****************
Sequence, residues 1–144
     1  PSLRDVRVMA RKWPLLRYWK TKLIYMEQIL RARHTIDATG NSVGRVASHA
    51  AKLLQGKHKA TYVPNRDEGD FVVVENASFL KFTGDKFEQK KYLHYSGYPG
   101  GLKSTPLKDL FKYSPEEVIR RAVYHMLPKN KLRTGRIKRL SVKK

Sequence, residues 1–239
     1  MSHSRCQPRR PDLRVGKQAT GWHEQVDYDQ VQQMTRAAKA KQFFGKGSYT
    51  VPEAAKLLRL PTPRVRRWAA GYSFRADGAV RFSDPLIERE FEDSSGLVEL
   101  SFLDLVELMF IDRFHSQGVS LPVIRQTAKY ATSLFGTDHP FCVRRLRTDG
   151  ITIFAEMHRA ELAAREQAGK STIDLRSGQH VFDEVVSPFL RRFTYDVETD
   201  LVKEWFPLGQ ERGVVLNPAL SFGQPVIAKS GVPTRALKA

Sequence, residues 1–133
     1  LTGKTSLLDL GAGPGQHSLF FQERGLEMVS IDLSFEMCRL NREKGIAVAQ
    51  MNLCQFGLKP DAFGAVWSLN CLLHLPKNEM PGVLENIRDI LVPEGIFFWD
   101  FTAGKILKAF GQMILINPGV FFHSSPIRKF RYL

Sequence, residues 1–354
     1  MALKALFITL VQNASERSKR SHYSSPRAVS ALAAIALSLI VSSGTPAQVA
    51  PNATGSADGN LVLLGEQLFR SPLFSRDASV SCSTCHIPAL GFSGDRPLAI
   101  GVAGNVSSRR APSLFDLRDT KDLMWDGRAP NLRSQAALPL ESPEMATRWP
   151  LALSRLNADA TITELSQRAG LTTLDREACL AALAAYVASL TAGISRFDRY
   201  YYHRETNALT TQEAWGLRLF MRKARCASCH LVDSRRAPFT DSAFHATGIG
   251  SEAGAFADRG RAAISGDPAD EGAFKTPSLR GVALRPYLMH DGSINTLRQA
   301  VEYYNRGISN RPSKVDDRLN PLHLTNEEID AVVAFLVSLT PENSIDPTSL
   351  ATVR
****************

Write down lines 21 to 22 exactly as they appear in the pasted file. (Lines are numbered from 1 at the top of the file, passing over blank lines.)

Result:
   251  SEAGAFADRG RAAISGDPAD EGAFKTPSLR GVALRPYLMH DGSINTLRQA
   301  VEYYNRGISN RPSKVDDRLN PLHLTNEEID AVVAFLVSLT PENSIDPTSL